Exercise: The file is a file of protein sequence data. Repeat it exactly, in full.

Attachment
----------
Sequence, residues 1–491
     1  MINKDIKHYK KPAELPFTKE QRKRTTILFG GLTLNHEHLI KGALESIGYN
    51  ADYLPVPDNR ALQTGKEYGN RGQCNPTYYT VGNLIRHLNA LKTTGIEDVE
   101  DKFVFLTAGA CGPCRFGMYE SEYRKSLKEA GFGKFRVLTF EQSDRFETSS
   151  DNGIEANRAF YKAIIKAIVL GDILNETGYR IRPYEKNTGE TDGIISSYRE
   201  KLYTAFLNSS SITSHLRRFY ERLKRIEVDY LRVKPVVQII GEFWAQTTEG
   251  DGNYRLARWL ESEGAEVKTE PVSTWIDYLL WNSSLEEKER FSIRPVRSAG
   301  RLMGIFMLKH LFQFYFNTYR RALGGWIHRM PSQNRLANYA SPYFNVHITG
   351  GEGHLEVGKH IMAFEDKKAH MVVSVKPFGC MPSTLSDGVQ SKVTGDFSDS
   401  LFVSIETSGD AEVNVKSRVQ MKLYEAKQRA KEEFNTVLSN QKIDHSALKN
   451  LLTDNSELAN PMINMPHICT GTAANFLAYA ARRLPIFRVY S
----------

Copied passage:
Sequence, residues 1–491
     1  MINKDIKHYK KPAELPFTKE QRKRTTILFG GLTLNHEHLI KGALESIGYN
    51  ADYLPVPDNR ALQTGKEYGN RGQCNPTYYT VGNLIRHLNA LKTTGIEDVE
   101  DKFVFLTAGA CGPCRFGMYE SEYRKSLKEA GFGKFRVLTF EQSDRFETSS
   151  DNGIEANRAF YKAIIKAIVL GDILNETGYR IRPYEKNTGE TDGIISSYRE
   201  KLYTAFLNSS SITSHLRRFY ERLKRIEVDY LRVKPVVQII GEFWAQTTEG
   251  DGNYRLARWL ESEGAEVKTE PVSTWIDYLL WNSSLEEKER FSIRPVRSAG
   301  RLMGIFMLKH LFQFYFNTYR RALGGWIHRM PSQNRLANYA SPYFNVHITG
   351  GEGHLEVGKH IMAFEDKKAH MVVSVKPFGC MPSTLSDGVQ SKVTGDFSDS
   401  LFVSIETSGD AEVNVKSRVQ MKLYEAKQRA KEEFNTVLSN QKIDHSALKN
   451  LLTDNSELAN PMINMPHICT GTAANFLAYA ARRLPIFRVY S